Famous Worldwide Among Geologists and Collectors
There were, however, a growing number of people who had the time, money and interest to appreciate how truly unique these natural wonders were in the big scheme of things. Many of them were well-educated and well-traveled, and realized that these transparent double-faceted quartz crystals, although abundant in the Mohawk Valley, were rare in geological formations around the world. Through geological associations and later, rock, mineral and gemstone collector organizations (and their publications), Herkimer Diamonds and Middleville became famous worldwide.
A. B. Crim of Middleville had spent much of his life collecting Herkimer Quartz. His collection of “four thousand individual specimens included twins, crystal inclusions, smoky crystals, and matrix specimens,” were exhibited at the World’s Columbian Exposition of 1893 in Chicago. Although the location of Mr. Crim’s collection has been lost to history, his exhibit in Chicago made history by putting Middleville on the world map as the place to find the finest quartz crystals.
Despite such worldwide exposure, mining at Middleville was pretty much a hit and miss operation in the early part of the 20th century. Some collectors chipped away at sections of dolostone beside the canal or railroad beds. A few walked tributary streams and the river, locating crystals imbedded in sand and gravel. At least one farmer charged a nominal fee to allow crystal collectors to mine on his property.
Roads Paved With Diamonds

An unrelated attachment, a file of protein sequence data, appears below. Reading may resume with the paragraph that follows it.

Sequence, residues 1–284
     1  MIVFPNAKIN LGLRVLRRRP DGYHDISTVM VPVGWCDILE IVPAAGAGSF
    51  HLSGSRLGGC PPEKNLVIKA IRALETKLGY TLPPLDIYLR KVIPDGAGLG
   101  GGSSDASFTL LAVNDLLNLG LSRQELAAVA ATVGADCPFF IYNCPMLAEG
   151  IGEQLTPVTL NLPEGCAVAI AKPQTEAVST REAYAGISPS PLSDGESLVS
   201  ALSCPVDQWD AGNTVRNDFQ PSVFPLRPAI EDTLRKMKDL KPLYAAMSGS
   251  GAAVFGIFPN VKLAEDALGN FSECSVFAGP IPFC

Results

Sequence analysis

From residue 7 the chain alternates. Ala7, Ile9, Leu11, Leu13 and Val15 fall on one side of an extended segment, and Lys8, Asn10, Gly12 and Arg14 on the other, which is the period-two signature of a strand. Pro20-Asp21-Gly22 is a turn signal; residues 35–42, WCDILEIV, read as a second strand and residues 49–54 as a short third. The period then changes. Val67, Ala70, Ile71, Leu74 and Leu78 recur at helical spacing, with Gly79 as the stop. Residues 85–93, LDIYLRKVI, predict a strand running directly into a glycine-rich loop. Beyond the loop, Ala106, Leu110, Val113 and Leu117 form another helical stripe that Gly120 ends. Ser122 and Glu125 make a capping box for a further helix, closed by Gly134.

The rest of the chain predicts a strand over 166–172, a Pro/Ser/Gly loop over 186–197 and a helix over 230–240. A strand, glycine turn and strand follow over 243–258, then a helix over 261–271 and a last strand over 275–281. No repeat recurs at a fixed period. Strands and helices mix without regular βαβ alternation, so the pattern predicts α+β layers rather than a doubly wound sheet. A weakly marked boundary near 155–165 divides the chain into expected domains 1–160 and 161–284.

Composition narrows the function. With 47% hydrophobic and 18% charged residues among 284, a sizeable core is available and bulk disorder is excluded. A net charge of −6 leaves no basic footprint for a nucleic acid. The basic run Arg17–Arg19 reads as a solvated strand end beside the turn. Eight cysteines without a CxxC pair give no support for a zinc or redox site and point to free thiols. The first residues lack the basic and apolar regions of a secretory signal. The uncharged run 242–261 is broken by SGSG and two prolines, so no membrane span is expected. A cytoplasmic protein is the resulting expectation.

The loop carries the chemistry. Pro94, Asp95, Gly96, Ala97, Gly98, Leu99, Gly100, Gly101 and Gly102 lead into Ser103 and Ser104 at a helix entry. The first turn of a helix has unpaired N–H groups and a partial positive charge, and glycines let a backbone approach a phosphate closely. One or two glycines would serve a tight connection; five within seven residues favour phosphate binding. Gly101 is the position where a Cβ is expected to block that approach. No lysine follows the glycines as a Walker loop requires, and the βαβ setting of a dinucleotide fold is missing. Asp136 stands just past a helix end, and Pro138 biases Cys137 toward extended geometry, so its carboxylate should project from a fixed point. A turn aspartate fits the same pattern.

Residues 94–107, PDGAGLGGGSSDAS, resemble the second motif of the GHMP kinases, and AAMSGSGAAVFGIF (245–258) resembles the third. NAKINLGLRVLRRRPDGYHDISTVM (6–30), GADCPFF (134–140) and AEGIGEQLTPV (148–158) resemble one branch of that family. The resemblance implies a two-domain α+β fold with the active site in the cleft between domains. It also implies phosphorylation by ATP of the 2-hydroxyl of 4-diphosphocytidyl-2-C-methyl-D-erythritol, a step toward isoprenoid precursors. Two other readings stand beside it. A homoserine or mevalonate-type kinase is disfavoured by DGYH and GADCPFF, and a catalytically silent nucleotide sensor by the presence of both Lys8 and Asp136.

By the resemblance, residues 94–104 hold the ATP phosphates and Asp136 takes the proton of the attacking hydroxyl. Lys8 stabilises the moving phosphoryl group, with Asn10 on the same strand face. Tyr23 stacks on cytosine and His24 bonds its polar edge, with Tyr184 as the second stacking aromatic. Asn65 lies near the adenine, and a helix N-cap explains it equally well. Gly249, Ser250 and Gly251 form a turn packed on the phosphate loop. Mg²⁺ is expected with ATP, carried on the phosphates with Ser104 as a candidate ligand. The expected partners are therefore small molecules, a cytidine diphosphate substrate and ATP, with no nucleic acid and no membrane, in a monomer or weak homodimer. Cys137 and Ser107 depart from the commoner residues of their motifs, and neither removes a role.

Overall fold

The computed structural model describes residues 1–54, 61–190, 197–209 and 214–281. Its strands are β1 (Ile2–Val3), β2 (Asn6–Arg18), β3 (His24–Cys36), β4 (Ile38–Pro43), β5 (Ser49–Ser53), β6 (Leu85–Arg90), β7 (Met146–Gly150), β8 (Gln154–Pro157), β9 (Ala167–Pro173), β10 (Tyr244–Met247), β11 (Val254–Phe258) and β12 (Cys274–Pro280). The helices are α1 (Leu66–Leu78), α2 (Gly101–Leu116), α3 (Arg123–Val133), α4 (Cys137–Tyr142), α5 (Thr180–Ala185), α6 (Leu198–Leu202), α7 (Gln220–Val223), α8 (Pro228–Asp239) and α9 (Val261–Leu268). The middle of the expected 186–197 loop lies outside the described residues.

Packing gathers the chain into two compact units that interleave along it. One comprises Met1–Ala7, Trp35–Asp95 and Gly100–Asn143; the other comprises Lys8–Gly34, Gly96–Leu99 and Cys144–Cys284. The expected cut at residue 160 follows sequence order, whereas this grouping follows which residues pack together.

The value placed on Herkimer Diamonds among most locals can best be illustrated by the opening of the Middleville Quarry in the mid 1900s. Dynamite blasted the dolomite formation on the east side of the river north of Middleville. A crusher reduced the crystal-laden rock to pieces small enough to sell to nearby towns for road fill and for contractors to grade driveways. It was common practice for youngsters to wait until after a rainstorm to find and “harvest” diamonds from the newly spread—and washed—fill. The quarry was closed for a number of years and some collectors in-the-know “snuck in” to find diamonds. This quarry has been sold several times over the years, and is now operated by the Hanson Corporation. Today it’s a giant hole in the ground with the highest dolostone wall in the valley. When not in use, locked gates block entrances . . . and the area is posted.
Miners Pay to Pound Rocks All Day Long
There are two “walls” near Middleville where the public can legally mine dolostone for diamonds. Except for the dolostone, diamonds and digging tools used by miners—and the hedgerow between them—these operations are as different as night and day.
The Herkimer Diamond Mine Resort and the Ace of Diamond Mine are located side by side along West Canada Creek near Middleville.